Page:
From Library Journal
May 1, 2007
In 2003, Alafair Burke, the daughter of crime fiction novelist James Lee Burke, burst onto the legal thriller scene with Judgment Calls.
Drawn from the author’s own experiences as a deputy district attorney in Portland, OR, the novel introduced Portland deputy DA Samantha Kincaid, whose adventures continued in Missing Justice (2004) and Close Case (2005).
Burke’s first standalone, Dead Connection (see review on p. 69), makes its debut in July. Set in New York City, where Burke now lives, it follows detective Ellie Hatcher as she seeks to link two murders to an online dating service.
Did you find it intimidating to follow in the very large footsteps of your father?
I didn’t even consider my relationship with my father when I was writing my first book. Then as the novel was about to be published, it dawned on me that people would obviously make the connection. I dreaded a deluge of readers demanding their money back because my books weren’t set in the bayou. Fortunately, my work is so different from my father’s that people realize I’m doing my own thing. My parents are delighted that I’m writing, but my father’s support, like my mother’s, is parental and not specifically as a writer. I’m grateful for that.
Laura Lippman claims she hides references to Robert B. Parker’s mysteries in her own books. Dead Connection has a thinly veiled reference to your father’s most famous character, and you share your name with another of his characters. Is this an ongoing or one-time only thing?
I have tremendous fun with all of the crime fiction cross references. I was so delighted to see that in Lee Child’s new book, Bad Luck and Trouble, Jack Reacher spends two nights with a Portland prosecutor named Samantha, a reference to my earlier series character. In Dead Connection, Ellie Hatcher notices a woman reading Laura Lippman’s To the Power of Three. I hadn’t planned on bringing Dave Robicheaux into this book, but when Ellie needed to contact a law enforcement officer in New Iberia, LA, it only made sense that it should be Dave. After so many years of reading my father’s writing about the fictional Alafair Robicheaux, writing Dave’s voice was a blast. I have no idea if the crossover will ever happen again. Can you imagine Dave Robicheaux in New York?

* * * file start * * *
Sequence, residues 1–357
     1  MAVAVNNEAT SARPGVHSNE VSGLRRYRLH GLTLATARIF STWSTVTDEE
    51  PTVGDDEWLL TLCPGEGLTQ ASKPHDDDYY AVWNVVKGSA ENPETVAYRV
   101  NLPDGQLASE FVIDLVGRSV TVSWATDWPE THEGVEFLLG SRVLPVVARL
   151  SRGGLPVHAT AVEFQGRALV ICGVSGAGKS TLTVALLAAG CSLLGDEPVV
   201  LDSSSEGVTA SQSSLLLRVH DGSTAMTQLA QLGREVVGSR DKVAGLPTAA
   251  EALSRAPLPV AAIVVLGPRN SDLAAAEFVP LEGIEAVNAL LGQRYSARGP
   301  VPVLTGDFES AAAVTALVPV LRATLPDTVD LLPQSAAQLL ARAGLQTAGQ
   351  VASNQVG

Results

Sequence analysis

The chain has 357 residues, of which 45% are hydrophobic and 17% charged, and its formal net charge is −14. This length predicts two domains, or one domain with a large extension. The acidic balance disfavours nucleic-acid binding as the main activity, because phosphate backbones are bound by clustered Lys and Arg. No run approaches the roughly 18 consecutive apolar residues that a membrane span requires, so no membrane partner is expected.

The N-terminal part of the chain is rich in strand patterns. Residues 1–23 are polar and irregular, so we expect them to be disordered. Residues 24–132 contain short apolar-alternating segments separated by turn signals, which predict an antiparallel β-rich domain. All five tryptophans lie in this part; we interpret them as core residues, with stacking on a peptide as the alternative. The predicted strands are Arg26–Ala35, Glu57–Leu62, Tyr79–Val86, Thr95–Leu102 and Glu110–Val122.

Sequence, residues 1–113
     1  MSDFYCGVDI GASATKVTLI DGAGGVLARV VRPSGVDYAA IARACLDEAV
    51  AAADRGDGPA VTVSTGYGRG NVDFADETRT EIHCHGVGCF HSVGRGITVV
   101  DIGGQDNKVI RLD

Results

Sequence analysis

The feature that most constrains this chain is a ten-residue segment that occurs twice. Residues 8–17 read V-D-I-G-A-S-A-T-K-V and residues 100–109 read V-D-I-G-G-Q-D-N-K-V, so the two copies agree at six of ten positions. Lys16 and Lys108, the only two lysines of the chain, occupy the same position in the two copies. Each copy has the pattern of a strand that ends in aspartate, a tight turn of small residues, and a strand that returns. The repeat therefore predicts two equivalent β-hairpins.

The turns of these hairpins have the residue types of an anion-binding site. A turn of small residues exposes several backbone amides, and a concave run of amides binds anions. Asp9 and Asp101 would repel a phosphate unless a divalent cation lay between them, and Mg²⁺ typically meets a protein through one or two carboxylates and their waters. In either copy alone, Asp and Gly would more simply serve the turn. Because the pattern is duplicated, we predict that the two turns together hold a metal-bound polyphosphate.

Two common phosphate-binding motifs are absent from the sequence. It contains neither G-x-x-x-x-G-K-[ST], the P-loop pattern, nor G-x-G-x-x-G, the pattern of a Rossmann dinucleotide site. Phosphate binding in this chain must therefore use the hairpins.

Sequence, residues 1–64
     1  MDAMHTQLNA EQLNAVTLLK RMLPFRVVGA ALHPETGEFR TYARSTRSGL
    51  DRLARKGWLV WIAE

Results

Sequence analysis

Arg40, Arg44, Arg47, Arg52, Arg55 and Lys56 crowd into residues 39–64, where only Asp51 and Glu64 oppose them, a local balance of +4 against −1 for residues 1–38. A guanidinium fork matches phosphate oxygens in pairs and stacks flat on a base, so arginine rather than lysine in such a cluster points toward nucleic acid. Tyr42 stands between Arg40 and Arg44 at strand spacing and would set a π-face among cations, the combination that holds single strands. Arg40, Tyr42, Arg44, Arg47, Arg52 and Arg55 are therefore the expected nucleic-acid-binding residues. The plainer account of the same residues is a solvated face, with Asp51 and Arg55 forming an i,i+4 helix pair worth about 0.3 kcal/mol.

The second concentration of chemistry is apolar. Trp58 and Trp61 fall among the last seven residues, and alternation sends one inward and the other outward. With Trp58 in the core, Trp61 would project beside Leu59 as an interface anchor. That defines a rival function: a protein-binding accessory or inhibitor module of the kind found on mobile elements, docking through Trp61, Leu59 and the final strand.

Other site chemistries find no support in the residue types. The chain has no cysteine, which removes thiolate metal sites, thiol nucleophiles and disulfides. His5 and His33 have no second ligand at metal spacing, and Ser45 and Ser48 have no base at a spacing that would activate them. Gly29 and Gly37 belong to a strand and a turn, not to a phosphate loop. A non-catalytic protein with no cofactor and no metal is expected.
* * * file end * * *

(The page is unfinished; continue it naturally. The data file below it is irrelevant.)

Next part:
The plot of Dead Connection focuses on a deadly Internet dating service, but you met your husband online and your book’s dedication reads, “For Sean Simpson, I can’t believe I found you on a computer.” Is this the way to meet people in 2007?
When I first met Sean, I was mortified when people asked how we met.
Now I just answer the question because I know how common Internet dating has become. Meeting people online is no more dangerous than the old-fashioned way, as long as people are aware. The risks aren’t inherent in the Internet; they’re inherent when people let their guards down. A street-smart woman, for example, would never think to wander off to an unknown location with a stranger, but people forget that the charming emails they receive online are from total strangers. That’s why I had to write about the dangers, even though it worked out beautifully for me.
Your new book doesn’t go near a courtroom, and your main character is a New York City cop. With three legal thrillers under your belt, were you feeling more confident about writing something outside your frame of reference?
Where did you get your inspiration for Ellie Hatcher?
I’m still writing what I know. The Internet dating plot grew directly out of my own experience. I live in New York now and wanted to write something set here. And I know police procedure and cop culture. I worked out of a precinct as a prosecutor for two years and taught search and seizure and use of force law to police. Even though the professional resemblance to Samantha Kincaid is more obvious, Ellie Hatcher carries more of my personal story.
Like me, she was raised in Wichita, KS, and a large part of her backstory is her decision to follow in her father’s footsteps and become a police officer.
You live in Manhattan and teach law at Hofstra University on Long Island. Do you enjoy your commute, or do you plan to write full-time and give up teaching?
I’m the rare author who loves her day job. I have academic freedom, my colleagues are intellectually challenging, and I have time to write both legal scholarship and fiction. If a car ride is my only complaint in life, I really don’t have much to complain about.